We present Ethiopia's experience in implementing LTBI management. Our objective is to share promising practices and existing opportunities and to suggest specific steps required for further scale up of the services. Our report is based on synthesis of data from secondary sources including official routine reports of Ministry of Health, materials presented at review meetings, and findings from supervisory visits to districts and health facilities. Our results suggest that Ethiopia has made significant strides toward strengthening LTBI management in people living with HIV and among under-five-year-old household contacts of TB patients. The use of contact investigation as entry point for LTBI management could be taken as best practice.

A longitudinal study among 735 new TB cases was conducted from January 2015 through June 2016 in 10 woredas (districts) of southwestern Ethiopia. Between onset of illness and anti-TB treatment course, patients incurred a median of US$201.48. Of the total cost, the indirect and direct costs respectively constituted 70.6 and 29.4%. TB patients incurred a median of US$97.62 and US$93.75 during the pre- and post-diagnosis periods, respectively. Thus, patients incurred 53.6% of the total cost during the pre-diagnosis period. Direct out-of-pocket expenses during the pre- and post-diagnosis periods respectively amount to median of US$21.64 and US$35.02. Patient delay days, provider delay days, number of healthcare facilities visited until TB diagnosis, and TB diagnosis at private facilities independently predicted increased pre-diagnosis cost. Similarly, rural residence, hospitalization during anti-TB treatment, patient delay days, and provider delay days predicted increased post-diagnosis costs. TB patients incur substantial cost for care seeking and treatment despite “free service” for TB. Therefore, promoting early care seeking, decentralizing efficient diagnosis, and treatment services within reach of peoples, and introducing reimbursement system for direct costs can help minimize financial burden to the patient.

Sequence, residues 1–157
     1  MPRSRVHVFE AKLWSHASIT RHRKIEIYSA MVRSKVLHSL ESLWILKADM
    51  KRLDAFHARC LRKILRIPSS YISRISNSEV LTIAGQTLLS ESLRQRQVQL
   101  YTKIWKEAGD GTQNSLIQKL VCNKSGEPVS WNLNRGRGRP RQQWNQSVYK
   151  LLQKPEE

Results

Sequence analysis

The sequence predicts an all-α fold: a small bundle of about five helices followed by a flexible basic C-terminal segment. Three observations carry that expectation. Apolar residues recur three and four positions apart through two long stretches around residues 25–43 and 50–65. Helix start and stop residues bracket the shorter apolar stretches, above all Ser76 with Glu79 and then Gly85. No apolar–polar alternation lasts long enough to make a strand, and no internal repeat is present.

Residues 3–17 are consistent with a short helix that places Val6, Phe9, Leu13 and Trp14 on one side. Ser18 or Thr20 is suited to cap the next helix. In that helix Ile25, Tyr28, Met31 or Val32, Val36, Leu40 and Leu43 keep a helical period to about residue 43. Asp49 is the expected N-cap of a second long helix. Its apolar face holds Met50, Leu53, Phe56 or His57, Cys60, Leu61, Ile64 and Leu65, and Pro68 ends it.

A follow up study among 735 new TB cases registered at health facilities in districts of southwest Ethiopia was conducted from January 2015 to June 2016. Patients reported days elapsed between onset of illness and treatment commencement. The overall treatment success among the treatment cohort was 89.7% respectively among those initiated treatment beyond and within of 30 days of onset of illness. Higher risk of unsuccessful outcome was predicted by treatment initiation beyond 30 days of onset, HIV co-infection, and received treatment at hospital. On the other hand, lower risk of unsuccessful outcome was predicted by weight gain and sputum smear negative conversion the end of second month treatment. Higher risk of unsuccessful outcome is associated with prolonged days elapsed between onset of illness and treatment commencement. Hence, promotion of early care seeking, improving diagnostic and case holding efficiencies of health facilities and TB/HIV collaborative interventions can reduce risk of unsuccessful outcome.

Ethiopia has a high prevalence of tuberculosis (TB) and is one of the countries with the highest burden of multidrug-resistant TB (MDR-TB). This study's purpose was to understand the costs that patients incur in obtaining diagnosis and treatment for MDR-TB. In March 2013, interviews were conducted with 169 MDR-TB patients at three hospitals in Ethiopia to identify the cost to patients and the impact on employment and family income. The average MDR-TB patient incurred a total cost of US$1378, which represented 25 months of a mid-treatment household income of US$54. The impact on the patient's employment and on overall patient and family income was generally catastrophic: 74% of all respondents reported losing their jobs, 66% of patients lost household income, and household income was reduced by 38%. To help cover the costs, 38% of patients sold some type of property, while 7% leased out property and 41% took out loans, any of which could jeopardize their future financial situation even further. Despite services being officially free of charge, most patients incurred catastrophic costs and suffered significant income loss as a result of obtaining diagnosis and treatment for MDR-TB.